5 — Antiates,] The old copy reads-Antients, which might mean veterans; but a following line, as well as the previous quotation, seems to prove-Antiates to be the proper reading: "Set me against Aufidius and his Antiates."

Our author employs-Antiates as a trisyllable, as if it had been written-Antiats. Steevens.

Mr. Pope made the correction. Malone.

Their very heart of hope.] The same expression is found in Marlowe's Lust's Dominion:

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"Hath almost thrust quite through the heart of hope.”

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"The very bottom and the soul of hope." Steevens.

7 And that you not delay the present;] Delay, for let slip.



8 · swords advanc'd.] That is, swords lifted high. Johnson.


if any fear

Lesser his person than an ill report;] The old copy has lessen. If the present reading, which was introduced by Mr. Steevens, be right, his person must mean his personal danger.-If any one less fears personal danger, than an ill name, &c. If the fears of any man are less for his person, than they are from an apprehension of being esteemed a coward, &c. We have nearly the same sentiment in Troilus and Cressida:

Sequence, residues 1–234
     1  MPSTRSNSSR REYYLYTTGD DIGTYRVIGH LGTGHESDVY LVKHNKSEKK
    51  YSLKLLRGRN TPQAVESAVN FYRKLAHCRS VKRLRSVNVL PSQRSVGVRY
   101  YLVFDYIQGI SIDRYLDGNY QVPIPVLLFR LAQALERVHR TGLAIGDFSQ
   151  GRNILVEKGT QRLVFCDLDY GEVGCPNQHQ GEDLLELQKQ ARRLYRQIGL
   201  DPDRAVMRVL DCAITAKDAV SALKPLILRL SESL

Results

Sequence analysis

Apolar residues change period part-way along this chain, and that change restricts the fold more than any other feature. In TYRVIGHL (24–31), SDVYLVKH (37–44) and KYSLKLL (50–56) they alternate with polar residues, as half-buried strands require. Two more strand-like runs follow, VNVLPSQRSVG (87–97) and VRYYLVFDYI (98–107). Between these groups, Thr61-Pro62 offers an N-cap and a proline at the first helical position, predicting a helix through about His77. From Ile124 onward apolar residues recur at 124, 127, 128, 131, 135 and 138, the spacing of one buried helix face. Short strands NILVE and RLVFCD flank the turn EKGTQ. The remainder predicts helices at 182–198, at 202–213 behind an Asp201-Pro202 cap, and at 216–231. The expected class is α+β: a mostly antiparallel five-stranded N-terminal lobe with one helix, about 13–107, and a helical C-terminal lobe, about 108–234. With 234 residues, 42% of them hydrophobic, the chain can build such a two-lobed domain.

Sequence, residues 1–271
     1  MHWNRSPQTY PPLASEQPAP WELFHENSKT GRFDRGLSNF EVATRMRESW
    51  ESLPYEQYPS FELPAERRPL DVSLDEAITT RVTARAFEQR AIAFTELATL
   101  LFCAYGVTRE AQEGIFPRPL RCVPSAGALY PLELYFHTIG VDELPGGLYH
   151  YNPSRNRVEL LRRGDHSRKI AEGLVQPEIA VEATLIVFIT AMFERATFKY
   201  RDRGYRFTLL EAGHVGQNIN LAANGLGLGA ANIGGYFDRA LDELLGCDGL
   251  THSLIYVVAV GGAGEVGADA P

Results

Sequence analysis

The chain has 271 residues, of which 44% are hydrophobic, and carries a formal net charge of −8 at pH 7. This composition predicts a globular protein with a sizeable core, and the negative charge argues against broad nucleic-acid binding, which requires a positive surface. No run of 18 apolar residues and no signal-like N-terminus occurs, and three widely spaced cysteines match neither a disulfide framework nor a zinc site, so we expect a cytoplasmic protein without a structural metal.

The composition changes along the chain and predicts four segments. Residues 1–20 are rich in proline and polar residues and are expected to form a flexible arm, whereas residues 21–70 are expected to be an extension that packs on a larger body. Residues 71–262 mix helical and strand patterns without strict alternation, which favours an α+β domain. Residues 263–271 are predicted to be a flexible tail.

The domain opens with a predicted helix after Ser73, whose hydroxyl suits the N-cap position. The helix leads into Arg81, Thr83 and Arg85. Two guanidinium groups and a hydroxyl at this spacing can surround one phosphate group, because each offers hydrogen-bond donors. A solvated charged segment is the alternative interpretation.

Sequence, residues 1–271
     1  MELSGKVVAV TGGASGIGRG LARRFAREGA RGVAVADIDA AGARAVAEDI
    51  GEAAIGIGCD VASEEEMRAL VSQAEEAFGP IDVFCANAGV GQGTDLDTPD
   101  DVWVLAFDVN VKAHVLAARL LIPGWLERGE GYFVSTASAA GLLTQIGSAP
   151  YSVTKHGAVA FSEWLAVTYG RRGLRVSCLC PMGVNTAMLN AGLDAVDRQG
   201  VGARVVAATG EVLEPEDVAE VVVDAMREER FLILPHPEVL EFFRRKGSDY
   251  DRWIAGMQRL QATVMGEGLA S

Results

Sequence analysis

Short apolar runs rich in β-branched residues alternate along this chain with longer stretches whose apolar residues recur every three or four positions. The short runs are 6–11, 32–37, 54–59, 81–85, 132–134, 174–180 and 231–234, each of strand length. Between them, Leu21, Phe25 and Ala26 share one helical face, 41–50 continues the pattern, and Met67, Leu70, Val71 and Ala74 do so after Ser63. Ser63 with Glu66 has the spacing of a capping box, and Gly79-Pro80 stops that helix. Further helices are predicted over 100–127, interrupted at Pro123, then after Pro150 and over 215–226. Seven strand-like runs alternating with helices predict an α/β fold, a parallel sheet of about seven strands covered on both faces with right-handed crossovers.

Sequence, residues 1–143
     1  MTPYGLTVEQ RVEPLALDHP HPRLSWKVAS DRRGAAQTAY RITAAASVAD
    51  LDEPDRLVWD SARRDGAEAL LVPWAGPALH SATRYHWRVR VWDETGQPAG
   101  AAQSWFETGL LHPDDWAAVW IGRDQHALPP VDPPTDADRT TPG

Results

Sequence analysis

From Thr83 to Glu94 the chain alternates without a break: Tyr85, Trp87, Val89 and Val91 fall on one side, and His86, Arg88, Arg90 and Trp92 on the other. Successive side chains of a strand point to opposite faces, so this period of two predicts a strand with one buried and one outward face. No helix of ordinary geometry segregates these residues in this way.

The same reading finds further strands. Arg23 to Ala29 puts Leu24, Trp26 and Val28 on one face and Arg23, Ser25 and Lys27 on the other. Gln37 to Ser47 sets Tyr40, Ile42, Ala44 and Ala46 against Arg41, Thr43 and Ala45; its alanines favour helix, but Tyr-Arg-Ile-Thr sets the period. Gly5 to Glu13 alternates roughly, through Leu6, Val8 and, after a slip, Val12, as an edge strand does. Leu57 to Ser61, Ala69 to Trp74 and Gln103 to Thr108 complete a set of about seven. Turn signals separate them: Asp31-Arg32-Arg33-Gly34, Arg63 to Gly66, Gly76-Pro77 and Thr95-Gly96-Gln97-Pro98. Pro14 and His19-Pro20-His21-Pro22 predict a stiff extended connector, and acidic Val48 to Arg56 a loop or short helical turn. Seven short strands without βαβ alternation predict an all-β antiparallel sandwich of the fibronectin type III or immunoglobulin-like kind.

If any think, brave death outweighs bad life,
And that his country 's dearer than himself;
Let him, alone, or so many, so minded,

Wave thus, [waving his hand] to express his disposition, And follow Marcius. [They all shout, and wave their swords; take him up in their arms, and cast up their Caps.